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We help; no...we are a detriment; no...we ARE collateral


From: Larry Seiler (lseiler_at_TeacherArtExchange)
Date: Wed May 22 2002 - 05:36:15 PDT

Twenty-five to thirty years taught units, based upon subject.
Individuals capable/skilled in the areas were preferred. Then art was
called upon to change. Out with the capable/skilled (artists), in with the
facilitators. People with little skill, talent, personal aesthetic that no bias might enter instruction. We go from
Outcome Based, to Performance Based. Skilled or talented/creative people
are wanted again. Ooopps,, no wait. They're not wanted! Good

Economic duress re-evaluates the bang the public gets for their buck, and
art jumps to the issues with willingness to re-define, and readdress
priority and philosophy.

I like a local teacher whom recently attended a "what we must do" meeting of
state association leaders in Art Education, hearing that art must be
integrated in other core disciplines. Art thus having value for what it
promises how the student will better himself in core academic subjects.
This teacher, typical rebel of sorts... raises his hand, and
says...."(!#^_^%#!... my students are better ART students, because they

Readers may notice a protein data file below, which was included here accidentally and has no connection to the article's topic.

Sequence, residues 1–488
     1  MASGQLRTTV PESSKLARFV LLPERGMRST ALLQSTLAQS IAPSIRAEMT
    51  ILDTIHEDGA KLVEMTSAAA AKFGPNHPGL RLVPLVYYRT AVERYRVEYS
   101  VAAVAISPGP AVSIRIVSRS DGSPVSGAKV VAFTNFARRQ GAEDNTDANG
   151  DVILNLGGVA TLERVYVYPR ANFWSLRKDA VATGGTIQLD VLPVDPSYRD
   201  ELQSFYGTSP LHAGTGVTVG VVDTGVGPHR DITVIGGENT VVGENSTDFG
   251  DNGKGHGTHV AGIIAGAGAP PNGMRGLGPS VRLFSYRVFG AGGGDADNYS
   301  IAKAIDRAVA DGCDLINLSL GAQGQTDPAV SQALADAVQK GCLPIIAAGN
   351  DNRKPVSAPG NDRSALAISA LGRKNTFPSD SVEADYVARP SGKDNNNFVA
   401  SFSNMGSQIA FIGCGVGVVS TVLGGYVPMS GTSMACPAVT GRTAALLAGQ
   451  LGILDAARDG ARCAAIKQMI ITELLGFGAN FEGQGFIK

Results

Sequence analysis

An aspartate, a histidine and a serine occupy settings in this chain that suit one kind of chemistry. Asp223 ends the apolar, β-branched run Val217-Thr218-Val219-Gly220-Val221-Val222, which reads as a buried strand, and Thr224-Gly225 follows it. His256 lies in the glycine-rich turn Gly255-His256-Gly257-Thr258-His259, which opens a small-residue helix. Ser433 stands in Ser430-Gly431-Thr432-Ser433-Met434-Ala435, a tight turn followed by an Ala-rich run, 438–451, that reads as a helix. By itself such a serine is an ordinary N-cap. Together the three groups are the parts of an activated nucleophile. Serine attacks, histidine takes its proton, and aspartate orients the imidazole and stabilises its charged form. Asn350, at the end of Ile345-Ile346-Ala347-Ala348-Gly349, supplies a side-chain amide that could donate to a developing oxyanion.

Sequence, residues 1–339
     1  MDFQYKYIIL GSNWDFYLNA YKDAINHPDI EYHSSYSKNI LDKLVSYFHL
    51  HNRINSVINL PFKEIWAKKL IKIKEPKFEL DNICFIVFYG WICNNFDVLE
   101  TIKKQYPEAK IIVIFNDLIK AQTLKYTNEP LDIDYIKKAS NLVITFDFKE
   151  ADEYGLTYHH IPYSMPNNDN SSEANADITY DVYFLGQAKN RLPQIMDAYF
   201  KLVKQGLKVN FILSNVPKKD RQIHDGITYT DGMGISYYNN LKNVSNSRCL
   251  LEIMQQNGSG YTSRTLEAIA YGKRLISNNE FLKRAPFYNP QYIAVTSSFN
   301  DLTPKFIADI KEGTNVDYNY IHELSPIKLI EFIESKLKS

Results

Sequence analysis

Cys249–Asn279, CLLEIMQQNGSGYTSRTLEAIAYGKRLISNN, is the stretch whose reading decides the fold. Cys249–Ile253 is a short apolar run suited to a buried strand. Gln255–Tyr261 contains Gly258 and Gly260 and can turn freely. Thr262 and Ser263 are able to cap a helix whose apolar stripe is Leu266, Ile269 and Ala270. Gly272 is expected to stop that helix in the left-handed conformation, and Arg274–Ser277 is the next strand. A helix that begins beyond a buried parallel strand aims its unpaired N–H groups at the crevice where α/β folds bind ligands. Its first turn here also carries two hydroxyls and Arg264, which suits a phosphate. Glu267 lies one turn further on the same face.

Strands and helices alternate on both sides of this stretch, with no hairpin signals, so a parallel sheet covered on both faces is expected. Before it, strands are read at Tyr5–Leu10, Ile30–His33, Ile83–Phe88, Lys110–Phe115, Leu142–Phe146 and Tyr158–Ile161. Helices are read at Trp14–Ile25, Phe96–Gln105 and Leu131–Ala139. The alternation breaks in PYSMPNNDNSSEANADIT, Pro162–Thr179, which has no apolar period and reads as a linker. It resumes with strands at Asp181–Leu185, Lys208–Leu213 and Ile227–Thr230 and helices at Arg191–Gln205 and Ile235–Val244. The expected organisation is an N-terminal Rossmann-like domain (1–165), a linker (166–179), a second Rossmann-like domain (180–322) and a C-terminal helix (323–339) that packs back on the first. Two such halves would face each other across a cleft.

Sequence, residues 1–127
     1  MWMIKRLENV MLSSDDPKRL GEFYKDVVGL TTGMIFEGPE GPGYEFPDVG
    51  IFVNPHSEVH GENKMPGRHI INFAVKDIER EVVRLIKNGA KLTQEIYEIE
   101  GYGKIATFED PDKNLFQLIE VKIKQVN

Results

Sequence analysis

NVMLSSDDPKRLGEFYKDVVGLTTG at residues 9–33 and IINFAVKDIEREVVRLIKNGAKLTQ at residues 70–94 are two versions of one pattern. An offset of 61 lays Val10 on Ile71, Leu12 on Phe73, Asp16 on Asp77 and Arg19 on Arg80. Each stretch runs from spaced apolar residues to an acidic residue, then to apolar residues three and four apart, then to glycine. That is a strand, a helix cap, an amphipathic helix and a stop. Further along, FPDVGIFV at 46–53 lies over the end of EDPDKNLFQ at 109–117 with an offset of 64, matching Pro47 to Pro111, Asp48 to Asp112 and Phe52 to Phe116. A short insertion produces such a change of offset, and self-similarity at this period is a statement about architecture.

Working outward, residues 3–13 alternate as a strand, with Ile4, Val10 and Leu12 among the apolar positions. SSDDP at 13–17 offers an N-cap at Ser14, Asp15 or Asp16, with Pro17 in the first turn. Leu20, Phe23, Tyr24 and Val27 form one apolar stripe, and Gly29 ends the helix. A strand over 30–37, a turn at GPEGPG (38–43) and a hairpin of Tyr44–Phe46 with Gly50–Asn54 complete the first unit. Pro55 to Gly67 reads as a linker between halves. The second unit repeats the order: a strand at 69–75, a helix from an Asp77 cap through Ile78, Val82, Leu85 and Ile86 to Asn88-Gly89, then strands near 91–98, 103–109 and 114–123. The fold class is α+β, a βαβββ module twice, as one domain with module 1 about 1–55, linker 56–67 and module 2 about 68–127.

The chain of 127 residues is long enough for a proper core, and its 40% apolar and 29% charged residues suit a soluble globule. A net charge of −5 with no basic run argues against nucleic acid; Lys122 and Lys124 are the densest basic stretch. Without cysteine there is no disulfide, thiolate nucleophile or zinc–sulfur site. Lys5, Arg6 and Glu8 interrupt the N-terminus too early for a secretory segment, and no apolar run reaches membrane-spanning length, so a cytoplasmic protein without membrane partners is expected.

take math. They are better art students because they take history; because
they study foreign languages; Literature!"

Its amazing to me how small our rudder is, and how the shifting economic and
worldview winds have so easily facilitated OUR directions in just the short
near half-century I've lived. Perhaps there ought to be a name for becoming
proficient at jumping through hoops to survive and justify.

Art is so influential in its potential social engineering, that any major
shift in worldview thinking will see its potential benefit as a tool to such
aims. Now, I hear what "we" should do...but, I've got to end now, because
I'm expected to be in my classroom in the next 25 minutes.

One thing I wish COULD happen, which I think WOULD be a benefit to any
thinking person is that art museums should have a separate wing just to
exonify the education side of art. Sections should be set up to best
portray each shift in coincide with shift in public mood and
economic priority. The art teacher should be portrayed as some goofy moron
who ignorantly stepped onto the scene at some point thinking s/he might
offer any pertinent relevancy that might survive the next think tank's
mechanism for change.